Migrate CardComponent

Important

The source code for this course can be found on GitHub. Each step has it’s own branch, instructions for how to checkout the correct code for each step are in the Project Setup lecture.

Migrate CardComponent

In the previous lecture, we migrated our search component to Angular. In this lecture we are going to do the same with the card component. In doing so, we will see how to convert AngularJS filters to Angular pipes, and handle third-party library migration by using an equivalent library in Angular. Lets get started!

Component visualization

With the migration of our Services and the Search component to Angular, our application component diagram now looks like this:

33 img 001
Figure 1. Current contacts application component diagram

Once we complete the migration of the card component, our application will have the following component visualization:

33 img 002
Figure 2. Contacts application component diagram after the Search component migration

Creating the CardComponent class

The card component code is contained within the card.component.ts file which is as follows:

Listing 1. card.component.ts
import * as angular from 'angular';

let CardComponent = {
  selector: "ccCard",
  template: `
<div class="col-md-6">
  <div class="well well-sm">
    <div class="row">
      <div class="col-md-4">
        <img ng-src="{{ $ctrl.user.photo | defaultImage  }}"
             alt=""
             class="img-rounded img-responsive" />
      </div>
      <div class="col-md-8">
        <h4>{{ $ctrl.user.name }}
          <i class="fa"
             ng-class="{'fa-female':$ctrl.user.sex == 'F', 'fa-male': $ctrl.user.sex == 'M'}"></i>
        </h4>
        <small>{{ $ctrl.user.city }}, {{ $ctrl.user.country }}
          <i class="fa fa-map-marker"></i>
        </small>
        <p>
          <i class="fa fa-envelope-o"></i>
          {{ $ctrl.user.email }}
          <br />
          <i class="fa fa-gift"></i>
          {{ $ctrl.user.birthdate | date:"longDate"}}
        </p>


        <a class="btn btn-default btn-sm"
           ui-sref="edit({email:$ctrl.user.email})">
          <i class="fa fa-pencil"></i>
          &nbsp;Edit
        </a>

        <a class="btn btn-danger btn-sm"
           ladda="$ctrl.isDeleting"
           ng-click="$ctrl.deleteUser()">
          <i class="fa fa-trash"></i>
          &nbsp;Delete
        </a>

      </div>
    </div>
  </div>
</div>
  `,
  bindings: {
    user: "="
  },
  controller: class CardController {
    private contacts;
    private isDeleting;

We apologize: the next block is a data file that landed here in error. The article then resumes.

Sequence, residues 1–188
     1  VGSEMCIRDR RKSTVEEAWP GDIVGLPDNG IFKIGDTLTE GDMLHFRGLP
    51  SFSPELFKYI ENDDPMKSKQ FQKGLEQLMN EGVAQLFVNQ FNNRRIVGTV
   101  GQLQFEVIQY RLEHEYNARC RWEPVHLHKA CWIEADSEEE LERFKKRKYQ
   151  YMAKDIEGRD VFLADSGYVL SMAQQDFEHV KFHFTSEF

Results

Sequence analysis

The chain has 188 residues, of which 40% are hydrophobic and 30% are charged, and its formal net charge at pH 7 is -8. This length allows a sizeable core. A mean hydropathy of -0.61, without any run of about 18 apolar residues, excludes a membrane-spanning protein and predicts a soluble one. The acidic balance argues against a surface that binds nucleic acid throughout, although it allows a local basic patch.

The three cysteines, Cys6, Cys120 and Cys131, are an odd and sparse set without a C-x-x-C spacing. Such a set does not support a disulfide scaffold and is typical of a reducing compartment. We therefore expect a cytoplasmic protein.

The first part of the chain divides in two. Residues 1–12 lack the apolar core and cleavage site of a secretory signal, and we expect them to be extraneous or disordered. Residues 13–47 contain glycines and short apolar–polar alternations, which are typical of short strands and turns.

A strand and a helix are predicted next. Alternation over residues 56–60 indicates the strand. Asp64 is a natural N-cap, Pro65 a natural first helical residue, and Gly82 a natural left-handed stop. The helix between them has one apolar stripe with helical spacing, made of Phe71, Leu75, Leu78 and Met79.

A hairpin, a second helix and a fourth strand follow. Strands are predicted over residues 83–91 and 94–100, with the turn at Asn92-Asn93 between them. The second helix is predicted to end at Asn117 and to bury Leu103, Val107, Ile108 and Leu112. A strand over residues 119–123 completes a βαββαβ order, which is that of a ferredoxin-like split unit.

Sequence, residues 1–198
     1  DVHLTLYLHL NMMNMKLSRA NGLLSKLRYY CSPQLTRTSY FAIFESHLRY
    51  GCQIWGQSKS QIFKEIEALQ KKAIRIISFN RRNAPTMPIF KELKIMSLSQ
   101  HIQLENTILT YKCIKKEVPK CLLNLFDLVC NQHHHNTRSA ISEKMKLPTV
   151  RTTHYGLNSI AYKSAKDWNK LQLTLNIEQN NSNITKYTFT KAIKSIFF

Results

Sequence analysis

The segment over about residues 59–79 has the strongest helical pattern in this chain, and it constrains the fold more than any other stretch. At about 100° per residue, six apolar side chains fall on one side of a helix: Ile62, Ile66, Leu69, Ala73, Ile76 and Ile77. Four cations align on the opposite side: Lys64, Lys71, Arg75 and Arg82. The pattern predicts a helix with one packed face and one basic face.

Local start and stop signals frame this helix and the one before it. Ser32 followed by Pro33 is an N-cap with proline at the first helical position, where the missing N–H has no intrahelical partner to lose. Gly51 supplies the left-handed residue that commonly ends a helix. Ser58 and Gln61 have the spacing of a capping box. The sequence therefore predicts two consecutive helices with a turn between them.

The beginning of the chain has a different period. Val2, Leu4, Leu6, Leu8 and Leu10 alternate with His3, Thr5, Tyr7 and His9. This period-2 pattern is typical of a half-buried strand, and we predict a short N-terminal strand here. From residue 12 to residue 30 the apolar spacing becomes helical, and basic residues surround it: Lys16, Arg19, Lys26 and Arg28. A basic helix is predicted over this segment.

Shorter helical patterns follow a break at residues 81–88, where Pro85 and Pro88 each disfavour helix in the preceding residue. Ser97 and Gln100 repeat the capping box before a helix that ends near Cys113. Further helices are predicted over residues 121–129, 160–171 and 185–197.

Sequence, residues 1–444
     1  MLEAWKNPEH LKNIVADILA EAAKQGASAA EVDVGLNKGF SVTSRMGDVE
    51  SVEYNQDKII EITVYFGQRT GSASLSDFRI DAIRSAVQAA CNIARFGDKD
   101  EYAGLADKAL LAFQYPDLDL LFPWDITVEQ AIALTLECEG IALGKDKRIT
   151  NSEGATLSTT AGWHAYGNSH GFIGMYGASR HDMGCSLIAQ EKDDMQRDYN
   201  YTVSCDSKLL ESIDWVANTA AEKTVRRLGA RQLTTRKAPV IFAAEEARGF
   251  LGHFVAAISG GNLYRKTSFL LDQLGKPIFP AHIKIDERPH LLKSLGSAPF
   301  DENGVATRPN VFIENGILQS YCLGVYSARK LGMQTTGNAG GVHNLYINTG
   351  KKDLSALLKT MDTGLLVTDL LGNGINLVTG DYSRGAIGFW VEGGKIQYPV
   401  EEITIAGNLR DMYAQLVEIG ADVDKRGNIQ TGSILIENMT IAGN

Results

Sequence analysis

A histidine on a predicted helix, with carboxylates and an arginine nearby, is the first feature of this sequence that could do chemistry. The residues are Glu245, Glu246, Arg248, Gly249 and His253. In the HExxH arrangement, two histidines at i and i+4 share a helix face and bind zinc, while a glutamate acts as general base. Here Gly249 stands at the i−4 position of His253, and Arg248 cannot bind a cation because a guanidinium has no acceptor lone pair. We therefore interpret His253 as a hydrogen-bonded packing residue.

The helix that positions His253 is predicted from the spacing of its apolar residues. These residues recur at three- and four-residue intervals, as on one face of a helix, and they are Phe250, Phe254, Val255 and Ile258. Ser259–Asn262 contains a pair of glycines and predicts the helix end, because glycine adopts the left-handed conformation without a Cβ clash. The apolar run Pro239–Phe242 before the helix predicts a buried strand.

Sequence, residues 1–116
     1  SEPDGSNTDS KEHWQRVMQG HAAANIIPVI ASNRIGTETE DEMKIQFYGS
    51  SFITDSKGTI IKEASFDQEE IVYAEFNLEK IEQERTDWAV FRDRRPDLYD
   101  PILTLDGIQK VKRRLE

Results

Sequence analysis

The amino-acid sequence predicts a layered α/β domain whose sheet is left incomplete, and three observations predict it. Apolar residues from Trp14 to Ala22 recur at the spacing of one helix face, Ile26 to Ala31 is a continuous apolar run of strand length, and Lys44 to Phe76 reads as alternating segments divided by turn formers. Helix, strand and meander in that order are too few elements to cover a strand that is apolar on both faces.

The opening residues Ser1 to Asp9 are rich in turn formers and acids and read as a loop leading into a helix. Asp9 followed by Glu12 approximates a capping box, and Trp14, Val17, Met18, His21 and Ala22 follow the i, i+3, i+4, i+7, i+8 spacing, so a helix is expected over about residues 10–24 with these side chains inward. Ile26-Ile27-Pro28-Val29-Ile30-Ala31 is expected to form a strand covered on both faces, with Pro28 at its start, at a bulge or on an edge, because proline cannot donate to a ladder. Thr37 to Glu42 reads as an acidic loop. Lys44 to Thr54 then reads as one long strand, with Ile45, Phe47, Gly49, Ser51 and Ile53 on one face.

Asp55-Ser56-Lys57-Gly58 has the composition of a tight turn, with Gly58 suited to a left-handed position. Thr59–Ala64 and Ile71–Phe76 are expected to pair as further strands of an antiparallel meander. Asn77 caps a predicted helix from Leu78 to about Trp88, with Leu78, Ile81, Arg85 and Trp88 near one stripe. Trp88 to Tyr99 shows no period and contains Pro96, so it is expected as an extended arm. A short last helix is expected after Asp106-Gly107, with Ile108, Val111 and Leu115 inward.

private user;

    constructor(ContactService) {
      this.contacts = ContactService;
      this.isDeleting = false;
    }

    deleteUser() {
      this.isDeleting = true;
      this.contacts.removeContact(this.user).then(() => {
        this.isDeleting = false;
      })
    }
  }
};

angular
  .module("codecraft")
  .component(CardComponent.selector, CardComponent);

Lets convert this into a class-based Angular implementation.

As we did in our previous lecture, take the code from the controller property and move it to a separate CardComponent class like so:

...
export class CardComponent {
  protected isDeleting;
  @Input() private user;

  constructor( @Inject(ContactService) private contacts: ContactService) {
    this.isDeleting = false;
  }

  deleteUser() {
    this.isDeleting = true;
    this.contacts.removeContact(this.user).then(() => {
      this.isDeleting = false;
    })
  }
}
...

Notice that we have added the user variable from our bindings property to our class using the @Input() decorator. We have also injected the ContactService to our component, which is accessible via the contacts variable.

Also make sure to add the following imports:

import { Component, Input, Inject } from "@angular/core";
import { ContactService } from "../services/contact.service";

Next, move the selector and template properties to the @Component decorator and add it to our CardComponent class like so:

@Component({
  selector: "ccCard",
  template: `
    <div class="col-md-6">
      <div class="well well-sm">
        <div class="row">
          <div class="col-md-4">
            <img ng-src="{{ $ctrl.user.photo | defaultImage  }}"
                 alt=""
                 class="img-rounded img-responsive" />
          </div>
          <div class="col-md-8">
            <h4>{{ $ctrl.user.name }}
              <i class="fa"
                 ng-class="{'fa-female':$ctrl.user.sex == 'F', 'fa-male': $ctrl.user.sex == 'M'}"></i>
            </h4>
            <small>{{ $ctrl.user.city }}, {{ $ctrl.user.country }}
              <i class="fa fa-map-marker"></i>
            </small>
            <p>
              <i class="fa fa-envelope-o"></i>
              {{ $ctrl.user.email }}
              <br />
              <i class="fa fa-gift"></i>
              {{ $ctrl.user.birthdate | date:"longDate"}}
            </p>


            <a class="btn btn-default btn-sm"
               ui-sref="edit({email:$ctrl.user.email})">
              <i class="fa fa-pencil"></i>
              &nbsp;Edit
            </a>

            <a class="btn btn-danger btn-sm"
               ladda="$ctrl.isDeleting"
               ng-click="$ctrl.deleteUser()">
              <i class="fa fa-trash"></i>
              &nbsp;Delete
            </a>

          </div>
        </div>
      </div>
    </div>
  `
})
export class CardComponent {
  protected isDeleting;
  @Input() private user;

  constructor( @Inject(ContactService) private contacts: ContactService) {
    this.isDeleting = false;
  }

  deleteUser() {
    this.isDeleting = true;
    this.contacts.removeContact(this.user).then(() => {
      this.isDeleting = false;
    })